You know Gregory Allen — maybe not by name but any Boise State student can recognize him when he cruises through campus on one of his homemade tricycles. His hat made of leather and old ladies’ overcoats, round glasses, beard and unique transportation make him a character distinctive enough to beg recognition from any passerby. The tricycle that sets him apart provides an example of his many solutions for “the better way,” in this case, he means a better way to travel other than by automobile.
When the weather or time permits, he can often be spotted riding one to the grocery store, thrift stores, work or Dawson Taylor Coffee downtown. For the last 11 years he has built the trikes and put thousands of miles on them as an environmentally friendly and low consumption alternative to automobiles. Though he owns a Toyota pickup himself, he does his best to use it only as necessary. The tricycles have grown in popularity and businesses have approached him about obtaining one.
“I have sort of become the resident expert on that type of thing, by default,” Allen said.
Allen works as a welder and a subcontractor for various jobs around Boise. The skills he utilizes to build his trikes and other projects are the same ones that get him by today, and have supported him since he graduated from Idaho State University’s vocational technical school years ago with a 4.0 GPA. They help him remain self-employed, a chief desire for a man who prefers not to depend on someone’s permission to earn a living. Allen possesses an aversion to busy work for the sake of keeping busy — he’d rather spend time gainfully employed, building his tricycles.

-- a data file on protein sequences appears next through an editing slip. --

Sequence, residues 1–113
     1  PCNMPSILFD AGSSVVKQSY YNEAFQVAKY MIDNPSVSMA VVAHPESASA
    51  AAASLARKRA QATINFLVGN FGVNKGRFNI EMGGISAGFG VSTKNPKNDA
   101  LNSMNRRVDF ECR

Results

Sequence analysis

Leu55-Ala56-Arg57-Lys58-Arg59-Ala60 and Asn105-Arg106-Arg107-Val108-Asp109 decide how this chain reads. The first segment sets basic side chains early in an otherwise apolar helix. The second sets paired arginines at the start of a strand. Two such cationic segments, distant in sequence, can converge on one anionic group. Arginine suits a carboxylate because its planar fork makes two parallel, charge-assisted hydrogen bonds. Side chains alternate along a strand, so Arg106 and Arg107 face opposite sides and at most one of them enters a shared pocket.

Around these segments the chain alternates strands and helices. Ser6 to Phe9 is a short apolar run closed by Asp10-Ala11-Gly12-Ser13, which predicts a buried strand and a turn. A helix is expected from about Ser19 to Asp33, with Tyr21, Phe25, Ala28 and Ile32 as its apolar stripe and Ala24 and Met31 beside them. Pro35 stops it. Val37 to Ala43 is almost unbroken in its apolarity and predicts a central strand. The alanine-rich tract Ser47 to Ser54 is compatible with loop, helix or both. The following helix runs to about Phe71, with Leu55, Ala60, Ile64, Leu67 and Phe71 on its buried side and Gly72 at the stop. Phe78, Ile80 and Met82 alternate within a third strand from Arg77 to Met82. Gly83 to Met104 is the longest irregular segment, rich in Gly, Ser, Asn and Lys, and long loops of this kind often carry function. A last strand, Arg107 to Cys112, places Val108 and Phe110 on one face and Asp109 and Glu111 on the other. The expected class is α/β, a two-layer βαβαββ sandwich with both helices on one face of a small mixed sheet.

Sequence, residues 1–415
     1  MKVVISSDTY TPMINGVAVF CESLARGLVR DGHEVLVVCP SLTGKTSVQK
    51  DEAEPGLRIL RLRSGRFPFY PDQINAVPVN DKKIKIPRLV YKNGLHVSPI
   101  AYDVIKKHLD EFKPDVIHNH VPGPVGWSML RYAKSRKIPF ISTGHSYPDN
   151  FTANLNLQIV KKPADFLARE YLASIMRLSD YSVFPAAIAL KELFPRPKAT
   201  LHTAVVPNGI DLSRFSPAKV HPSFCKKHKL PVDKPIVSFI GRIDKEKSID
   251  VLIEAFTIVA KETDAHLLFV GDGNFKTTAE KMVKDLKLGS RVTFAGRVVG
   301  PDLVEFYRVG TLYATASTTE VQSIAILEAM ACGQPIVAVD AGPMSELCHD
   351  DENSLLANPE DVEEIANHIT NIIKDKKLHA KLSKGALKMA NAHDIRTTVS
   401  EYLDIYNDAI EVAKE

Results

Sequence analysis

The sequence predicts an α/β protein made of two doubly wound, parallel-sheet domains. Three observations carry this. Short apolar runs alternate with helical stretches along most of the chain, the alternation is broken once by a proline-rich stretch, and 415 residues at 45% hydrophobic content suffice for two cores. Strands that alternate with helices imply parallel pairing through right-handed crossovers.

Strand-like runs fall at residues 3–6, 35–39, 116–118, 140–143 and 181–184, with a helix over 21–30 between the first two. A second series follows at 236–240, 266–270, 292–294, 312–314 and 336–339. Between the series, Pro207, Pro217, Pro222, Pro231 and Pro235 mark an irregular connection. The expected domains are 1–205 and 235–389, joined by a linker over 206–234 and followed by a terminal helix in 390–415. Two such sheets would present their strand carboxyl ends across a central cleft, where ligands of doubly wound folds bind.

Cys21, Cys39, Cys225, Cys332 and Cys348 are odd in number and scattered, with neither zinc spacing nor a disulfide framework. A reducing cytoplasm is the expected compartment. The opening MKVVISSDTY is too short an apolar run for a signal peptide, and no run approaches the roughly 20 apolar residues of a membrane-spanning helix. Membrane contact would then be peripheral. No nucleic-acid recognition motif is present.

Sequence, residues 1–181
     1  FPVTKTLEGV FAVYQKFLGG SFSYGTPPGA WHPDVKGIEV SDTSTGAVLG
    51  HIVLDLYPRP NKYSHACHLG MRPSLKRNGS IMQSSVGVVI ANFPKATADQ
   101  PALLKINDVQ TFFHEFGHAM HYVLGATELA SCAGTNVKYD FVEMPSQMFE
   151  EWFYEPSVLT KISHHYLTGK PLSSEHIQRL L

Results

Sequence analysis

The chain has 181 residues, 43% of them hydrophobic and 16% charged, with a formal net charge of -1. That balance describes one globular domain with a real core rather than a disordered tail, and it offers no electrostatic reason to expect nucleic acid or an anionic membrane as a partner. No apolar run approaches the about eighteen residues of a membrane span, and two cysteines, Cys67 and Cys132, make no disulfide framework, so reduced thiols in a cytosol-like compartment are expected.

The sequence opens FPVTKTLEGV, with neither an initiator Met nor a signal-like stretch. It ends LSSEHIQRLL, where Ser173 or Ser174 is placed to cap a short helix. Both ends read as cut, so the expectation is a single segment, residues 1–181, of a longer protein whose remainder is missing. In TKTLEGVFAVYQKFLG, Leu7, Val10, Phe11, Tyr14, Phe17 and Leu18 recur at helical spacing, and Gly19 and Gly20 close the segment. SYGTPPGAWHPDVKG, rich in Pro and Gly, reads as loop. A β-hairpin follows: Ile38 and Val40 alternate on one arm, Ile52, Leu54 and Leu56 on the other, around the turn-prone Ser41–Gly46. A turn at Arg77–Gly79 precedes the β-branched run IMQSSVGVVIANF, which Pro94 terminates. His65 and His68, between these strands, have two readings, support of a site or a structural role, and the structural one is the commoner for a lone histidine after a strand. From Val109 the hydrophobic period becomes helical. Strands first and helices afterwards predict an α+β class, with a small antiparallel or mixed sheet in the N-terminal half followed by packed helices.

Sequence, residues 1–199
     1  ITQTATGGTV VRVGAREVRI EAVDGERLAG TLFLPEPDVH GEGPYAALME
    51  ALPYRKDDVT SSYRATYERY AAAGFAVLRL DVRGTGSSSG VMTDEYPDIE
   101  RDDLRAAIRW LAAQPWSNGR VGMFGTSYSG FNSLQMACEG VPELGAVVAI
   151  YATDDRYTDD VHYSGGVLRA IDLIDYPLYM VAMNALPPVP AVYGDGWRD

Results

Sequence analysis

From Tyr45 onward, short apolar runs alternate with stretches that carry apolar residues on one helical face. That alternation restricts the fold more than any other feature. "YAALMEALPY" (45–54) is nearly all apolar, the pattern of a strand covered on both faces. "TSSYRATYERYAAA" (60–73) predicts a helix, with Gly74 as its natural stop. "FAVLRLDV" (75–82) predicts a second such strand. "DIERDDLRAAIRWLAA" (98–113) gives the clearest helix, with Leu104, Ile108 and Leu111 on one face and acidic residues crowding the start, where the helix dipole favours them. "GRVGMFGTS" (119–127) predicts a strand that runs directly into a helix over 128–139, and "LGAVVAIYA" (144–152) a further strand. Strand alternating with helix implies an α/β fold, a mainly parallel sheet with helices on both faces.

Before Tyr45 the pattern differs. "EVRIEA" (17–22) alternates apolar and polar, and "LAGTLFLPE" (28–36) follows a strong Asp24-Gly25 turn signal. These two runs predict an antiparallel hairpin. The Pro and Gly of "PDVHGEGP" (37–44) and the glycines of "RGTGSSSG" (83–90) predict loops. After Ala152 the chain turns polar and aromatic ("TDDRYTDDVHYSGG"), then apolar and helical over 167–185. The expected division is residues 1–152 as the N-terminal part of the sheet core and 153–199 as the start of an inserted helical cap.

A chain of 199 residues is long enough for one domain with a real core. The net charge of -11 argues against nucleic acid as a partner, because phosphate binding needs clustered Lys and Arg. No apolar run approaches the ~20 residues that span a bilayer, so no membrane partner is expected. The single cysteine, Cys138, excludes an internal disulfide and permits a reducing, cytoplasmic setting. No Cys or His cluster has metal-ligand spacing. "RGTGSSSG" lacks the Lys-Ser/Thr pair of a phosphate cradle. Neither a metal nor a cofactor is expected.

“I use these things to fill in when I’m not busy doing something else,” Allen said. “I like to build things. It’s what I do.”
His workshop testifies to his love for building and learning. Allen built the shed in which his works of transportation glory are created from a frame and panels that can be taken down in an afternoon. He considers the design an excellent alternative to low-cost or post-disaster housing. The workbench and shelves on the inside, crafted with neat precision, display his talent for woodwork and steel work. The room remains cozy with help from a homemade heater on the workbench, and Allen even built many of the tools he uses to build his tricycles.
Not only has he fashioned an alternative method of getting around and produced ideas about temporary housing, but Allen also described a system of rails for vehicles to use electricity to travel in a downtown setting efficiently. He tested the theory by constructing a miniature electric train and tracks that people could ride in, which could easily be transported or used for events. As for hats, Allen makes his own. He assembled his latest tricycle in a large room, but left space to exhibit hats, and has kept it reserved for someone who would want to be self-employed as a hat vendor. One of these hats, worn by a friend, ended up on CNN in an image displaying fashion in Boise.
In these ways and many more, Allen’s productivity, positive impact, and distinct character are not difficult to see. His unique character reflects the Boise’s culture in many ways. His individuality and reputation make him significant part of that culture.